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Dartmouth researchers studying new pancreatic cancer treatment

Union Leader Correspondent

April 02. 2014 10:26PM

LEBANON — Dartmouth researchers are studying a new treatment for pancreatic cancer that would be easier, safer and more accurate.

The researchers used CT scans with contrast enhancement to measure treatment response to pancreatic cancer photodynamic therapy.

In the study, the researchers analyzed data collected in trials that were conducted in London, said Brian W. Pogue, PhD, a researcher at Norris Cotton Cancer Center and Professor at Dartmouth’s Thayer School of Engineering and Geisel School of Medicine.

“It’s an interesting trial because it’s funded by United States, but is being carried out in London,” Pogue said.

The research team at Dartmouth set out to reduce the imaging obstacles presented by the treatment. The patients who were selected for the trial had inoperable pancreatic cancer.

“The treatment is thought to be less invasive than surgery,” Pogue said, but presented many obstacles.

According to the Norris Cotton Cancer Center, “Photodynamic therapy is a minimally invasive and nontoxic method of treating cancer with a drug, which, when activated by light, kills cancer cells. Cancer cells are identified using a drug called a photosensitizer. Other cells release the photosensitizer, but cancer cells hang onto the drug. When exposed to light, the cells containing the drug die. Since the response is chemically, not heat, induced, there is no damage to connective tissue.”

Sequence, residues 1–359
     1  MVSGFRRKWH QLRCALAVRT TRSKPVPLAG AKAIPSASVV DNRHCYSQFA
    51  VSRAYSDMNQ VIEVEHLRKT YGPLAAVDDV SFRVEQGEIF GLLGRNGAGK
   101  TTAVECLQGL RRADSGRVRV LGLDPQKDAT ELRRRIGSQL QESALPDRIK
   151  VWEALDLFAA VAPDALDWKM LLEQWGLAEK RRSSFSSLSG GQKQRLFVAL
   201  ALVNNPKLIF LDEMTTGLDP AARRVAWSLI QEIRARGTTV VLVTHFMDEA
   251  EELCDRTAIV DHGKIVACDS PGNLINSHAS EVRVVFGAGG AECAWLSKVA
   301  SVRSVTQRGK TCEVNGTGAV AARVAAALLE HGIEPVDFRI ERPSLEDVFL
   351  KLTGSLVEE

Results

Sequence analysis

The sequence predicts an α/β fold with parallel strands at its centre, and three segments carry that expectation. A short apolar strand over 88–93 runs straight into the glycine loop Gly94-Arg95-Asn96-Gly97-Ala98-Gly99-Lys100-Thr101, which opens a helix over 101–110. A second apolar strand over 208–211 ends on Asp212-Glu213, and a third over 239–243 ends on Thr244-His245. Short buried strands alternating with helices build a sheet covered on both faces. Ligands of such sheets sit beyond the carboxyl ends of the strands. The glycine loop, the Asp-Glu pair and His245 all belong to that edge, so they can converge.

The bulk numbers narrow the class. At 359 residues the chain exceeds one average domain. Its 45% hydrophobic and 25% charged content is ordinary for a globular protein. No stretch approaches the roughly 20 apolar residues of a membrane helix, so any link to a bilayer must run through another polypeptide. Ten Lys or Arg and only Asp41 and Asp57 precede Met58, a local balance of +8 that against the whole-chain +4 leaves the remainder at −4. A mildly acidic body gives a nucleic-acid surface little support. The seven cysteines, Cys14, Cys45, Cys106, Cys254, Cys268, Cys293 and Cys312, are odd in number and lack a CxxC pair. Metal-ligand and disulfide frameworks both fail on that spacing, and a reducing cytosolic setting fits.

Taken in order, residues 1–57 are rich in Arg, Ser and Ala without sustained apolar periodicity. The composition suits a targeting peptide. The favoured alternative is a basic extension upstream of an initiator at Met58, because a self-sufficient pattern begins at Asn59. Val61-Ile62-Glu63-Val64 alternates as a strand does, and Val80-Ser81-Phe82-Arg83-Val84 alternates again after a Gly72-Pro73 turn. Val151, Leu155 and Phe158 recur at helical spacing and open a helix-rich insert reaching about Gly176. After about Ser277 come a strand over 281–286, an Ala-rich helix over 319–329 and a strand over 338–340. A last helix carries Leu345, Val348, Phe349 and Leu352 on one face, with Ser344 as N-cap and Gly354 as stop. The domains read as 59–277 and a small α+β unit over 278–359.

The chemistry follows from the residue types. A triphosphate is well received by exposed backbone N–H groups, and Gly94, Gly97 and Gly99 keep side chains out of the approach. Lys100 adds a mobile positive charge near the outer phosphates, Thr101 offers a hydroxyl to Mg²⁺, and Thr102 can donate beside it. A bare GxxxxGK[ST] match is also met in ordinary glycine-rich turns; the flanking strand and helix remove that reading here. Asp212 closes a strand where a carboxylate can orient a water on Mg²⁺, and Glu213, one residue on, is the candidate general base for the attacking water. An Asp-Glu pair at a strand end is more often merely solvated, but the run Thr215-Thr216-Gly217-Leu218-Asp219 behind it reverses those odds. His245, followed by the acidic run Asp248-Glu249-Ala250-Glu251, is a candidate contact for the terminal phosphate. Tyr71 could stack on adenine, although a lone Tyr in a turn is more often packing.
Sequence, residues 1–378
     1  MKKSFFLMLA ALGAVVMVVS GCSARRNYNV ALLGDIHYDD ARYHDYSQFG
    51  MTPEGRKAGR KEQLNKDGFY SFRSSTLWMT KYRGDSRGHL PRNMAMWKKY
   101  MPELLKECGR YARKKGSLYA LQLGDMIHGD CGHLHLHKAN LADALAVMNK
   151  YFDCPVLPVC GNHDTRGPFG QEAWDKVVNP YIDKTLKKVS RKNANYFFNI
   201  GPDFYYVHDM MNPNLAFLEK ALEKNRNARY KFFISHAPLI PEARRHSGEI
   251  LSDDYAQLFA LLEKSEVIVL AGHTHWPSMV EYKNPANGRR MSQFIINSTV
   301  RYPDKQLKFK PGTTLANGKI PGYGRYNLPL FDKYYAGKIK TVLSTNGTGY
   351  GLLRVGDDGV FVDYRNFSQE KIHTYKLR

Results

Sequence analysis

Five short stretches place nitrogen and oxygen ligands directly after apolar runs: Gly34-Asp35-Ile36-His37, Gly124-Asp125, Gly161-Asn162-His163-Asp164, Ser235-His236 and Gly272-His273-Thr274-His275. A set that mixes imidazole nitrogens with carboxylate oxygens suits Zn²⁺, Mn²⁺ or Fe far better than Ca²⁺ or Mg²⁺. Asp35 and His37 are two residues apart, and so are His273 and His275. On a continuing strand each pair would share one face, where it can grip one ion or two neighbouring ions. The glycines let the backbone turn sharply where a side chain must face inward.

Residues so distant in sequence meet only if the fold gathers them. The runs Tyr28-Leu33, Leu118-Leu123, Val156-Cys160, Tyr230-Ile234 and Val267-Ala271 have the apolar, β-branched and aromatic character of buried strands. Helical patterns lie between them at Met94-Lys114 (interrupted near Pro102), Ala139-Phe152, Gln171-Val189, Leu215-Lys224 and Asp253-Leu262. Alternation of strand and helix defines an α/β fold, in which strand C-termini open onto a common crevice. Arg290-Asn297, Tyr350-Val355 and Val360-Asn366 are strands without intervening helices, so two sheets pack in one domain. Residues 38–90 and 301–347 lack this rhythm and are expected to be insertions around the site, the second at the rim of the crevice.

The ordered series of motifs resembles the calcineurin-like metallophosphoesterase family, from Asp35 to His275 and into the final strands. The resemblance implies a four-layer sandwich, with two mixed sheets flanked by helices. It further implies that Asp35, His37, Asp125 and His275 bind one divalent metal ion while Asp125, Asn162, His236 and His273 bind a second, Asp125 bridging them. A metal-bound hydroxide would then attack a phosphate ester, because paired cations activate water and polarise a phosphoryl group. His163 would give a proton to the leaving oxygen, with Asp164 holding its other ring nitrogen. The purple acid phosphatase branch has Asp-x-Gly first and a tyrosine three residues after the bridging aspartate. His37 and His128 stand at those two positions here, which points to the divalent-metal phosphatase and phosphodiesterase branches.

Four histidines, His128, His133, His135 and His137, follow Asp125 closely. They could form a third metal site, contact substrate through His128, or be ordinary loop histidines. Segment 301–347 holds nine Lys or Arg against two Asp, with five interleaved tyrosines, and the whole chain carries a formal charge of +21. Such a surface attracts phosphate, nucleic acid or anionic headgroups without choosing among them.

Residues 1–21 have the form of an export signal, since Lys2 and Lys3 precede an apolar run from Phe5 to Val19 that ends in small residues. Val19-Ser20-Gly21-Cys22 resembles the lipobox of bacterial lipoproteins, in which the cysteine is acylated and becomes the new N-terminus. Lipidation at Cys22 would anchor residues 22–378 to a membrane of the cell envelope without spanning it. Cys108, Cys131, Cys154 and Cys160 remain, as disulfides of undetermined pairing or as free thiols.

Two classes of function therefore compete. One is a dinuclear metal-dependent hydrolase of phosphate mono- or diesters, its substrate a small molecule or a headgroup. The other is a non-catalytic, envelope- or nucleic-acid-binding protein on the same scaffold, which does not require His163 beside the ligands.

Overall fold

What the Dartmouth researchers discovered was that the treatments given were successful and treatments could be controlled by analyzing a patient’s reaction so that the light intensity could be increased or decreased for better results.

“This was an important discovery because it shows us exactly how we can control the treatment and controlling the treatment is the first step to having a successful treatment,” Pogue said.

The clinical trials in London are now stepping up to phase two in which it will be attempted to destroy not just cancer cells, but whole tumors. Phase three of the study would likely expand its locations to include Boston or Dartmouth-Hitchcock Medical Center, Pogue said.

The study has been published in Physics in Medicine and Biology.

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